Providing access to electronic information resources in further education
Digital information resources
Electronic information services
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AbstractBanwell, Linda, Ray, Kathryn, Coulson, Graham, Urquhart, Christine, Lonsdale, Ray, Armstrong, Chris, Thomas, Rhian, Spink, Siân, Yeoman, Alison, Fenton, Roger and Rowley, Jennifer. Providing access to electronic information resources in further education. British Journal of Educational Technology, 2004, vol. 35, no. 5, pages 607-616. Published by and copyright Wiley-Blackwell Publishing. The definitive version of this article is available from http://www.blackwell-synergy.com/
This article aims to provide a baseline for future studies on the provision and support for the use of digital or electronic information services (EIS) in further education. The analysis presented is based on a multi-level model of access, which encompasses access to and availability of information and communication technology (ICT) resources, access to and availability of EIS resources, and the third leg of staff skills and their development. The research was conducted within the third cycle of the JISC (Joint Information Services Committee) User Behaviour Monitoring and Evaluation Framework, in 2001/2002. Evidence was gathered from library and information service web sites and various stakeholders, including library and information service staff, academic staff and students to generate insights into the provision of access to EIS in further education. Sector-wide funding initiatives have had a significant impact on ICT infrastructures, and these attract a positive response from students. EIS are represented on some library web sites but both web site development and EIS availability is very much less advanced than in higher education. Staff, however, lack sufficient dedicated access to ICT to be able to develop their own skills and use. There remains a low level of access to electronic information resources, with only limited access to these resources through library web sites. LIS managers face a number of challenges in enhancing this provision, including licensing arrangements, tight budgets that need to be spread across many discipline areas, and the absence of EIS designed specifically for the further education student. The other key challenge lies in the provision of time and opportunity for academic and LIS staff to develop their ICT and EIS skills, and, more generally in the further development of the role of Information and Learning Technology (ILT) Champions.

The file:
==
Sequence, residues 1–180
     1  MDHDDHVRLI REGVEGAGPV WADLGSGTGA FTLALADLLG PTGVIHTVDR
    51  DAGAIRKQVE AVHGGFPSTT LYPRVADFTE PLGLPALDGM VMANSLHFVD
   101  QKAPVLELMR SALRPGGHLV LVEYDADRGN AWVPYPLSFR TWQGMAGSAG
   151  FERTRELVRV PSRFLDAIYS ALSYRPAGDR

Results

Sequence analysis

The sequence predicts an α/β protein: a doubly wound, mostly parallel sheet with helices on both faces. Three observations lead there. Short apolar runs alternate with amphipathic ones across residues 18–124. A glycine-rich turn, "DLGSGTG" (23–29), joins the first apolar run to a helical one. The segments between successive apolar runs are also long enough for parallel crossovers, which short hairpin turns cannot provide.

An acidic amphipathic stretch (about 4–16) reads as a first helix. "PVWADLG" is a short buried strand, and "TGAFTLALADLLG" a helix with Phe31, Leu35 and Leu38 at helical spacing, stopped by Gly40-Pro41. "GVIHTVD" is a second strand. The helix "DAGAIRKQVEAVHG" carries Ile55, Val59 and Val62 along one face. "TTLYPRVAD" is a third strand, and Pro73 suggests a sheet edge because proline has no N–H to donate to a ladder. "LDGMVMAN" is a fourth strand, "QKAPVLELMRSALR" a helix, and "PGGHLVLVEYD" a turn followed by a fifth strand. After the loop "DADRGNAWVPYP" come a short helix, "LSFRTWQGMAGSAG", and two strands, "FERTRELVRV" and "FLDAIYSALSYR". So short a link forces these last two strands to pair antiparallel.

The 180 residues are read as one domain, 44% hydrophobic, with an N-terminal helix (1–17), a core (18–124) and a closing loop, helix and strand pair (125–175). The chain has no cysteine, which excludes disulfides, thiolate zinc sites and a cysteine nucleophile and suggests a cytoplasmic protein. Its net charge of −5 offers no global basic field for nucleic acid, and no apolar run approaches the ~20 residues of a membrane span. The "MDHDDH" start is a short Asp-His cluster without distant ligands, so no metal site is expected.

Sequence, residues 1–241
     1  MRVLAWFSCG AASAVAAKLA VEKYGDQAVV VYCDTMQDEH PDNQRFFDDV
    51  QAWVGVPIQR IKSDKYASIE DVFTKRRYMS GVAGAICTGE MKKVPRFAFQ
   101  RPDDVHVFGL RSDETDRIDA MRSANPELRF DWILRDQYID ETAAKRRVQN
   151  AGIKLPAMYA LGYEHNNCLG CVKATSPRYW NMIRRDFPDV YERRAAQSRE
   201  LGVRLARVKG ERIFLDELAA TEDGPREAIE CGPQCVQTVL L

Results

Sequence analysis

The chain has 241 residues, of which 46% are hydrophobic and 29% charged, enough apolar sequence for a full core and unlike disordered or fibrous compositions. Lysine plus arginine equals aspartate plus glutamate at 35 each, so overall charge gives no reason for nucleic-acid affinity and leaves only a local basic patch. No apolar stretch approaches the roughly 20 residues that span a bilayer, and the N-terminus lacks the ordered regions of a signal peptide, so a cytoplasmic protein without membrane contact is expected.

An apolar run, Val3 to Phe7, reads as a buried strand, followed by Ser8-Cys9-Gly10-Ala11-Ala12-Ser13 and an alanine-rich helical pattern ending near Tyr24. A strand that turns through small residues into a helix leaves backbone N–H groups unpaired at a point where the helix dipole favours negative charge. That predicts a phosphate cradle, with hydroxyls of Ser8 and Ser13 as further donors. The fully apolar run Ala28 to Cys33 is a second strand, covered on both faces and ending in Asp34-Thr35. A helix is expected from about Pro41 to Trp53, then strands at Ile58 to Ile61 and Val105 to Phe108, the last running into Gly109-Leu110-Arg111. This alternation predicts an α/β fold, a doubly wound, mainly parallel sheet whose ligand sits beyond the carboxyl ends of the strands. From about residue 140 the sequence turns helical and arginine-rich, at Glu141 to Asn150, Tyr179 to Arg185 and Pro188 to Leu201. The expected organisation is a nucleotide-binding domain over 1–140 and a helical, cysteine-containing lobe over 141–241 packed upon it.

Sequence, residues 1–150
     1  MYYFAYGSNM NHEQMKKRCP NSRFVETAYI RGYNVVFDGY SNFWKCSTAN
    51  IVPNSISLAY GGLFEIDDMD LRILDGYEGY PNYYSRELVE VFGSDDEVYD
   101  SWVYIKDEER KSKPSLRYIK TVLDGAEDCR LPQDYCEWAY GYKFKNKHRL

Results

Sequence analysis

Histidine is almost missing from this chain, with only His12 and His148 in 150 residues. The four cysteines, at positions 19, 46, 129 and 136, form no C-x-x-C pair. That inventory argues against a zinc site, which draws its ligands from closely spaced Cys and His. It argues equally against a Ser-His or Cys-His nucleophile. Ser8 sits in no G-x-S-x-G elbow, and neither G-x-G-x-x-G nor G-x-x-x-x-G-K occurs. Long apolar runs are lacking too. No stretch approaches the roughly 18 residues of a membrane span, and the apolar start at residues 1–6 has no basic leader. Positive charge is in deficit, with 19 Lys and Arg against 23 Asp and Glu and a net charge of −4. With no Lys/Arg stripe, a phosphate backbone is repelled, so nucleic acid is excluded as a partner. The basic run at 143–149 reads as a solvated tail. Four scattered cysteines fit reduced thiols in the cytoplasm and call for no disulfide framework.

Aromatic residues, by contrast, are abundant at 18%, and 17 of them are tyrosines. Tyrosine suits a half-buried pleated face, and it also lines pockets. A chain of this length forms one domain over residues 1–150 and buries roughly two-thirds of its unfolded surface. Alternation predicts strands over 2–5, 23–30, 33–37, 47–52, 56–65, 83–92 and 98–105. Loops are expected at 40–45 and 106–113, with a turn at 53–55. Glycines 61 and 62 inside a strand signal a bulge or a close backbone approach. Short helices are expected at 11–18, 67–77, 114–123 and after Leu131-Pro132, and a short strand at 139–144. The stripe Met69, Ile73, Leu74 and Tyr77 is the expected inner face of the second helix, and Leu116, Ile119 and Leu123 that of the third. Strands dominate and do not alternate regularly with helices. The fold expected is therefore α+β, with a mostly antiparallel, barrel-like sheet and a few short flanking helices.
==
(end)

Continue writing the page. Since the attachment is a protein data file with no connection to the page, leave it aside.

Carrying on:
British Journal of Educational Technology, 2004, vol. 35, no. 5, pp. 607-616
British Journal of Educational Technology